Building A Fairer World

We want responses to the world’s complex problems to be informed by humanitarian approaches.

Jo Cox was a life-long humanitarian. She dedicated her career to helping those less fortunate than herself, whether in Batley and Spen or around the world. She was a staunch advocate of an ethical foreign policy, and committed to the protection of civilians in conflict.

Learn about Jo's humanitarian career

"Every decade or so, the world is tested by a crisis so grave that it breaks the mould: one so horrific and inhumane that the response of politicians to it becomes emblematic of their generation — their moral leadership or cowardice, their resolution or incompetence. It is how history judges us. We have been tested by the Second World War, the genocide in Rwanda and the slaughter in Bosnia, and I believe that Syria is our generation’s test."
- Jo Cox


Jo Cox work with Oxfam

The Jo Cox Memorial Grants

We have worked with the Foreign, Commonwealth & Development Office since 2017 on the development of the Jo Cox Memorial Grants. Through the grants, £10 million of funding has been provided to projects focusing on two areas that Jo was passionate about: women’s empowerment and building resilient communities to combat identity-based violence, including mass atrocities. Read about each of the grant holders.

50,000+ women and girls
across 17 countries have benefitted from these grants

1,223+ women
have been helped into politics

558+ women
in leadership positions have received assistance and training


Forum for Women in Democracy (FOWODE), Uganda

88 women from the communities FOWODE works in ran for a leadership position in the 2021 general elections and 66 were successful in securing a position of power and influence. 

Read their grant story

Woman delivers speech in front of men

Internews, Democratic Republic of the Congo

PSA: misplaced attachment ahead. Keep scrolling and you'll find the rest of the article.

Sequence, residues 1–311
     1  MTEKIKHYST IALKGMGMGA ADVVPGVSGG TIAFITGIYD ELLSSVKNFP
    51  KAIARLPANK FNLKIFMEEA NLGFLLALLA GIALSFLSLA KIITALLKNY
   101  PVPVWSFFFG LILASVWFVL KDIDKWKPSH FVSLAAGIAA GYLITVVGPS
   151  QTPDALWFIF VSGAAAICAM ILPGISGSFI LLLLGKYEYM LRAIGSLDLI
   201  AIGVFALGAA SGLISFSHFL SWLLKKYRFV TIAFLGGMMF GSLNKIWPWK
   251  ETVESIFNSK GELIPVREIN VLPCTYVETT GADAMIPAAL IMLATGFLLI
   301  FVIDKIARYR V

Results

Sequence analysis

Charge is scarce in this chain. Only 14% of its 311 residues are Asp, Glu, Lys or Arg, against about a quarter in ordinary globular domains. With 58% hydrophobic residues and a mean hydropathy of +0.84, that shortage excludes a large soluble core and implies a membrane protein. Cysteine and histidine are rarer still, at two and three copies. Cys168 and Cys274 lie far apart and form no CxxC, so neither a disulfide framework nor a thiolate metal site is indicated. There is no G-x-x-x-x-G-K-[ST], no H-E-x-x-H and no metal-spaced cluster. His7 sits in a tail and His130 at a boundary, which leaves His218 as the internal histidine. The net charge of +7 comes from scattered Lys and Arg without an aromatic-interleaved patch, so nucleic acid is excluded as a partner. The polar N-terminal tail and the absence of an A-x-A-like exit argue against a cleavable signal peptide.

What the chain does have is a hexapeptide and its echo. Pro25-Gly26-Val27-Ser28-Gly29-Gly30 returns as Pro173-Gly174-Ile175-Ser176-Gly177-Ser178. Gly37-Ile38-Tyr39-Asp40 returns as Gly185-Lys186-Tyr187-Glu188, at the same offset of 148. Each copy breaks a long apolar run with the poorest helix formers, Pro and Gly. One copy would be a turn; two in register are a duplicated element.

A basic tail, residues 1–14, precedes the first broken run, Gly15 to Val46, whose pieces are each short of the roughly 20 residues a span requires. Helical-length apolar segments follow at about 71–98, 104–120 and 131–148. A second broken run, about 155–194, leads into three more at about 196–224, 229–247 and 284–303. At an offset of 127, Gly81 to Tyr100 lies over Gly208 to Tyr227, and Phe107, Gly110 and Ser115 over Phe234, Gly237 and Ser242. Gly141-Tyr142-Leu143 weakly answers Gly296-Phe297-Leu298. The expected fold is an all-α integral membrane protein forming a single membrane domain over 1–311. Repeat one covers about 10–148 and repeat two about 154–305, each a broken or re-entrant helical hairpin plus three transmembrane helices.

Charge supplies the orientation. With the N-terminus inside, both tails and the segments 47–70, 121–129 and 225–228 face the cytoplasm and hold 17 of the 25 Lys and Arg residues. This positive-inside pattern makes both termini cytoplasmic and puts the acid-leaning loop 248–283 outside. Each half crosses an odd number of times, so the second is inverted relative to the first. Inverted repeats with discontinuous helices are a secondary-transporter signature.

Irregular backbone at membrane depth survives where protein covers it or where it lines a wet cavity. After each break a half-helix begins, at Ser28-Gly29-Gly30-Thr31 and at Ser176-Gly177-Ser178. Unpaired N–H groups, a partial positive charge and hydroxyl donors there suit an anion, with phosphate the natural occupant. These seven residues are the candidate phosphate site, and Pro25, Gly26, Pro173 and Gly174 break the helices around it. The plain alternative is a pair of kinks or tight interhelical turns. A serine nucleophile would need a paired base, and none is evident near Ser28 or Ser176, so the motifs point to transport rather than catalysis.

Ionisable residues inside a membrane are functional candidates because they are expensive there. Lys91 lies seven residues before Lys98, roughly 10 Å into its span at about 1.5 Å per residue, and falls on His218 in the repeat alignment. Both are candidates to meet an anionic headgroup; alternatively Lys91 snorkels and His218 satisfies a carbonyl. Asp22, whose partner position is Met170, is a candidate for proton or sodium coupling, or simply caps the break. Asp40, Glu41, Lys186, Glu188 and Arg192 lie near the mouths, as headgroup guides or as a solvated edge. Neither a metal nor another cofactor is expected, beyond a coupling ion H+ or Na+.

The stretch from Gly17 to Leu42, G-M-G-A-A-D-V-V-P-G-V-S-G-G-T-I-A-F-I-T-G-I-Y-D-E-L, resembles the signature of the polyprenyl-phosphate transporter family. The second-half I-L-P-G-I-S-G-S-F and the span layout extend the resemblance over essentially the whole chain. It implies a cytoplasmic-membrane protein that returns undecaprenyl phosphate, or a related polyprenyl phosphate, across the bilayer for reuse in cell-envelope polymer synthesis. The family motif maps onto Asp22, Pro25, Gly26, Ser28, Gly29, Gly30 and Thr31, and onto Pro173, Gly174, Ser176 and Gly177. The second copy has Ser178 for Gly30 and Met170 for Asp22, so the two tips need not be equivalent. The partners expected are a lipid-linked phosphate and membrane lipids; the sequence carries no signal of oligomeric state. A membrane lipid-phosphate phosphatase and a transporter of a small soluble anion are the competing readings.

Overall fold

Internews supported women’s networks to take a leading role in conflict prevention in the country. Women’s roles are typically overlooked in such processes, but the predominantly female Nyunzu Early Warning Group sensitively and actively contributed to the diffusion of a conflict.

Read their grant story

Woman listens to radio

Atrocity Prevention

At The Jo Cox Foundation we advocate for political parties to commit to robust atrocity prevention policies. We are a member of the Atrocity Prevention Working Group, led by Protection Approaches, which consists of 21 organisations with links to identity-based violence. In 2020 we submitted evidence to the International Development Committee and they have now published their report, ‘From Srebrenica to a safer tomorrow: Preventing future mass atrocities around the world‘, which recommends the adoption of a national atrocity prevention strategy and is a positive step forward for this campaigning.

When working on atrocity prevention, we reflect on Jo’s own work on this topic including The Cost of Doing Nothing Report. With the support of The Jo Cox Foundation, cross-party colleagues Alison McGovern MP and Tom Tugendhat MP came together in 2016 to finish the report Jo had started with Tom, making the case for action to protect civilians from atrocity in conflicts around the world.

Restoring the Aid Budget

Jo Cox was a firm believer in International Aid. In November 2020 the government announced that it would reduce the annual aid budget from 0.7% of Gross National Income (GNI) to 0.5%, a reduction of £4bn to £5bn. The cut will continue until at least 2024. We believe the 0.7% commitment must be restored.


“We put this country firmly on the road to fulfil our historic commitment to spend 0.7 per cent of GDP on aid – an act of solidarity that has seen millions more children in school and many more women surviving childbirth.”

- Jo Cox